Arduino-RC (according to David Wheeler)

First of all, an important clarification about the Arduino-RC:
the design of this Arduino-based remote control for a camera rig is not mine, I merely copied it!

Inspired by a post by David Wheeler in the American Aerial Photography Forum, in which he presents his version of a revised rig remote control, I decided to try my hand at this small control unit, which seems to be ideally suited for meadow/beach use. Fortunately David provides an excellent documentation of his work including all used components, sources and programmes. Many thanks for this and of course for his great work on this project.


Arduino-RC Controller-front1
RC Arduino KAP controller according to plans by David Wheeler
Arduino-RC Controller-back1
RC Arduino KAP controller according to plans by David Wheeler
Arduino-RC Wheeler-Controller-front
Wheeler-Controller complete

At the heart of the remote control is the Arduino processor, more specifically an Arduino Pro Micro – 5V/16MHz, which provides the remote control module with the PPM signals used to define the servo positions. The operator controls the system by means of a user interface consisting of a thumb joystick and LCD display.

System components of the Arduino RC

The remote control system has an Arduino Pro micro-processor, a thumb joystick as operator interface and an LCD screen for info output. The signals are transmitted from the transmitter module of a Hobbyking 2.4 GHz remote control (HK-T6A). An on/off switch, a voltage regulator and a set of AAA batteries provide the power supply.

The Arduino Pro-Micro from Sparkfun is based on the ATmega32U4, it is quite small, which makes it more attractive for this project than the standard Arduino.
The dedicated timers of this processor generate a PPM signal. And the other connections and functions are also a perfect fit for this project.
It processes the input it receives via a thumb joystick as the operator interface, relays the servo commands via the 2.4 Ghz transmitter module and provides the data for the corresponding display on the LCD module that schematically shows the camera position. It provides visual feedback of the PAN and TILT settings, and it also displays the capture mode, trigger status and horizontal/vertical and auto/manual settings.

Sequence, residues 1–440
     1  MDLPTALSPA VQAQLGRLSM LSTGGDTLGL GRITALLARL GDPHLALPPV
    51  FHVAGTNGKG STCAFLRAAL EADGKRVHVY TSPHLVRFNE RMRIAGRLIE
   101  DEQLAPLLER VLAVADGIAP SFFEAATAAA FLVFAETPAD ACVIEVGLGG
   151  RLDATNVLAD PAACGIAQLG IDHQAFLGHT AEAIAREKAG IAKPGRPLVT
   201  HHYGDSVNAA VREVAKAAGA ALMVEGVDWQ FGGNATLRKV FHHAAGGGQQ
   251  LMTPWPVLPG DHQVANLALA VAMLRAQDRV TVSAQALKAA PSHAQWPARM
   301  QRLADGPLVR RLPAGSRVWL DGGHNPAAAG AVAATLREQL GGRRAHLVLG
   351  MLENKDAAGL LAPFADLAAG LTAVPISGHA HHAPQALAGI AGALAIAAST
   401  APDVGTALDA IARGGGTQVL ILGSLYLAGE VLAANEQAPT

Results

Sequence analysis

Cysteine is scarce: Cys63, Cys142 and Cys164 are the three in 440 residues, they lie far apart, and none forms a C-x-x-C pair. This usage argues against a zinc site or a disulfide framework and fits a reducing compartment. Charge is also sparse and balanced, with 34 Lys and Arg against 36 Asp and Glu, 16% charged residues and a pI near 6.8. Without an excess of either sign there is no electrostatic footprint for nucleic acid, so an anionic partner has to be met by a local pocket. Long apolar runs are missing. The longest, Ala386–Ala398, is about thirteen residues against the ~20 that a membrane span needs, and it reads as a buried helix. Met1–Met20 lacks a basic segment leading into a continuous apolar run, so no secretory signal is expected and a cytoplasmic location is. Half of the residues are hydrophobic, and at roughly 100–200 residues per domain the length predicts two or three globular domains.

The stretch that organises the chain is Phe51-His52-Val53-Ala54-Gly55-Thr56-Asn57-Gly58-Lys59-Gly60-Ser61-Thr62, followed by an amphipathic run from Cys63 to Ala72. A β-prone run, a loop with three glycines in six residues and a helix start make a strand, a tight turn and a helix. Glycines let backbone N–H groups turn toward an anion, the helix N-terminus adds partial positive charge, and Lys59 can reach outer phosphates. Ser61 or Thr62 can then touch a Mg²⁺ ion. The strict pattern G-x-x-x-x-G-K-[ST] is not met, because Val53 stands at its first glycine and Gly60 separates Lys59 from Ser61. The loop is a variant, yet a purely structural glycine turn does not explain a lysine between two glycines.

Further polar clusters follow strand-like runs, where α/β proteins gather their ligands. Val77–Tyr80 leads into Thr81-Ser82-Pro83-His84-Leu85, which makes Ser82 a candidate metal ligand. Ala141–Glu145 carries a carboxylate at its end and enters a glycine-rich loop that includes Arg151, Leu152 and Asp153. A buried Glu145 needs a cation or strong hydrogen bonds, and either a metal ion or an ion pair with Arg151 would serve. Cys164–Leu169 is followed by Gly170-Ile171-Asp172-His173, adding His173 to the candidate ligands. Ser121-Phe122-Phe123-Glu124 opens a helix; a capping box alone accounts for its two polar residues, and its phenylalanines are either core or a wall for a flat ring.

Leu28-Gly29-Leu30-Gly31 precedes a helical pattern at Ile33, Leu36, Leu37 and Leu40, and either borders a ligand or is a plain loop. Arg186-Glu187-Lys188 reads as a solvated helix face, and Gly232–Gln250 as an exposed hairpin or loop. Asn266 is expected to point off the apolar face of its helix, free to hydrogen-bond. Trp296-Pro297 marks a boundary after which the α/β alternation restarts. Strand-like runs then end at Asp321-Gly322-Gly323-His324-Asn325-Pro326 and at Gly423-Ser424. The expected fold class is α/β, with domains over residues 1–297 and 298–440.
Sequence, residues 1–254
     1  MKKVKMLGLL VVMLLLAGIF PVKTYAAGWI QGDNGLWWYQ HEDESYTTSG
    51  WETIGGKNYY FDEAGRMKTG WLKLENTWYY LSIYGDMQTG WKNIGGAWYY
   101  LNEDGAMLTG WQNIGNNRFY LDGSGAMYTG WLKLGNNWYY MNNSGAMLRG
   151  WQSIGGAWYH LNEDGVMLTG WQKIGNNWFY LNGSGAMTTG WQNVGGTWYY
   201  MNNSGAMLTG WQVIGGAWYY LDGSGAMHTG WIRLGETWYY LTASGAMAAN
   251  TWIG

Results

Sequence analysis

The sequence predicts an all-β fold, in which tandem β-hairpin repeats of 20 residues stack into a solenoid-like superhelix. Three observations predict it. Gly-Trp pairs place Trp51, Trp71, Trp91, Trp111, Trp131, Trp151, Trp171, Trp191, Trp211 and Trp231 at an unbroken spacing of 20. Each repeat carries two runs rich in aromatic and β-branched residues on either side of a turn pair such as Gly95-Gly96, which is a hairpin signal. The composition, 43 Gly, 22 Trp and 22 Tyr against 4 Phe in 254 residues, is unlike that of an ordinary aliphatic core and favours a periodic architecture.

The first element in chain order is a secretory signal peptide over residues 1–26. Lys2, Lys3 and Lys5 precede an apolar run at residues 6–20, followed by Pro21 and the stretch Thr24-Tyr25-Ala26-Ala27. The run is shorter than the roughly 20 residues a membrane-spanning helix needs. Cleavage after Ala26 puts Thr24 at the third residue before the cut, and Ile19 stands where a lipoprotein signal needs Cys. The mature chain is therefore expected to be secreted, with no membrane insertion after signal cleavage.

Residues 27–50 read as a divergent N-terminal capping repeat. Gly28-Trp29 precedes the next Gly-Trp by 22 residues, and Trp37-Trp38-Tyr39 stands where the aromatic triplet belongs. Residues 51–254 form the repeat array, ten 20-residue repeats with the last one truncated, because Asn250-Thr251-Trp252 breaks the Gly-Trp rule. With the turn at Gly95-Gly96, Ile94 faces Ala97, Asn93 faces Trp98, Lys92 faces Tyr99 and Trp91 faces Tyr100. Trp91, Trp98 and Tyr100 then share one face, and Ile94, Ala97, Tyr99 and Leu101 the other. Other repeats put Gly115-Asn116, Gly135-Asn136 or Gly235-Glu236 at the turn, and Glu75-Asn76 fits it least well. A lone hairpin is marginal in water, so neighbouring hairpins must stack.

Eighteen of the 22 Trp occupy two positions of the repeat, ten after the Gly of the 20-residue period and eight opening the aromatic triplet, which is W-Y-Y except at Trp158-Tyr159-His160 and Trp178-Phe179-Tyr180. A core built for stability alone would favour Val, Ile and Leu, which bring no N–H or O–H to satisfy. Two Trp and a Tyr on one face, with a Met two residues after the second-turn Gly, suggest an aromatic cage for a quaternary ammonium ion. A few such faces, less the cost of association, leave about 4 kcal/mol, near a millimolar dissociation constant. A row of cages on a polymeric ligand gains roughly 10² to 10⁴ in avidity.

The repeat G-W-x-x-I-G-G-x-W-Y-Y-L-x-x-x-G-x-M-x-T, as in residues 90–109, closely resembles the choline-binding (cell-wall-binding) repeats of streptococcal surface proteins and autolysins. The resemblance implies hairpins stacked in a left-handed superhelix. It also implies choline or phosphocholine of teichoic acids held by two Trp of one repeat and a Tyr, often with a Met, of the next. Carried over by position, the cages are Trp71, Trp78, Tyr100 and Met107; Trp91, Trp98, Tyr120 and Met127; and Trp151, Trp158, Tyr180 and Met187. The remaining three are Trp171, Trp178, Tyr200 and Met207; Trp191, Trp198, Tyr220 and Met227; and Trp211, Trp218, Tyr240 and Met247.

Furthermore, the Arduino takes care of the shutter control of the camera: the thumb joystick on the control unit is also used for this. Each time the operator presses the joystick button, a signal is triggered. This signal can be delayed when the rig is in motion. The Arduino waits with the camera trigger signal until the preceding movement has been completed and a short stabilisation phase has been passed.
I removed the transmitter module from a Hobby King remote control.

The power supply is provided by 3 AAA batteries, which supply a nominal 4.5 volts and directly power the remote control transmitter module. (This has its own 3.3 V LDO voltage regulator, so the VCC voltage can have any value greater than 4 volts). However, the 3 AAA batteries also supply a Pololu voltage regulator which generates the 6V voltage for the Arduino. The Arduino’s own regulator reduces the voltage to 5 volts for the ATmega. The LCD display and the joystick are also supplied with these 5 volts.

The interested reader will find more detailed explanations on the pages listed above.

Building description Arduino-RC

Housing with cover
Circuit board
LCD display
Voltage regulator
Transmitter module with antenna
On/Off switch
Cable and plug